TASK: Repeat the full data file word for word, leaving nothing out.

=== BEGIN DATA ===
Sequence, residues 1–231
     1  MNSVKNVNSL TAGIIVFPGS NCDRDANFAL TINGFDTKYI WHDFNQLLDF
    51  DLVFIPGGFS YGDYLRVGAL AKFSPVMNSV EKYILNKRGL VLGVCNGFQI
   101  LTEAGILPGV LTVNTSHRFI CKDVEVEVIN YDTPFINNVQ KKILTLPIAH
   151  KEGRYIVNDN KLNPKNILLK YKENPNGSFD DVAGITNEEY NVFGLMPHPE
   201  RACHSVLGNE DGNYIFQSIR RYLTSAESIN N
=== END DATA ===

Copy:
Sequence, residues 1–231
     1  MNSVKNVNSL TAGIIVFPGS NCDRDANFAL TINGFDTKYI WHDFNQLLDF
    51  DLVFIPGGFS YGDYLRVGAL AKFSPVMNSV EKYILNKRGL VLGVCNGFQI
   101  LTEAGILPGV LTVNTSHRFI CKDVEVEVIN YDTPFINNVQ KKILTLPIAH
   151  KEGRYIVNDN KLNPKNILLK YKENPNGSFD DVAGITNEEY NVFGLMPHPE
   201  RACHSVLGNE DGNYIFQSIR RYLTSAESIN N